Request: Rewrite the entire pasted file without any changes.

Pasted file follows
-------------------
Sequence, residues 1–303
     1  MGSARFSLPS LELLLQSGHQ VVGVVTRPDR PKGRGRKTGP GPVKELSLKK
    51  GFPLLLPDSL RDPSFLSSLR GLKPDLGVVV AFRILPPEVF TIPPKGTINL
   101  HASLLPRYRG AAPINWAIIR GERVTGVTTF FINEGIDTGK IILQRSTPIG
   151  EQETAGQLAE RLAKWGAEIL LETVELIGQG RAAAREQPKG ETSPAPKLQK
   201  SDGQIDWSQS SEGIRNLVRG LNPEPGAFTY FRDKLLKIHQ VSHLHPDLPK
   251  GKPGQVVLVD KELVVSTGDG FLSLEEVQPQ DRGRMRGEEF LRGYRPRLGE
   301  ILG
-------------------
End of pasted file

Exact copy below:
Sequence, residues 1–303
     1  MGSARFSLPS LELLLQSGHQ VVGVVTRPDR PKGRGRKTGP GPVKELSLKK
    51  GFPLLLPDSL RDPSFLSSLR GLKPDLGVVV AFRILPPEVF TIPPKGTINL
   101  HASLLPRYRG AAPINWAIIR GERVTGVTTF FINEGIDTGK IILQRSTPIG
   151  EQETAGQLAE RLAKWGAEIL LETVELIGQG RAAAREQPKG ETSPAPKLQK
   201  SDGQIDWSQS SEGIRNLVRG LNPEPGAFTY FRDKLLKIHQ VSHLHPDLPK
   251  GKPGQVVLVD KELVVSTGDG FLSLEEVQPQ DRGRMRGEEF LRGYRPRLGE
   301  ILG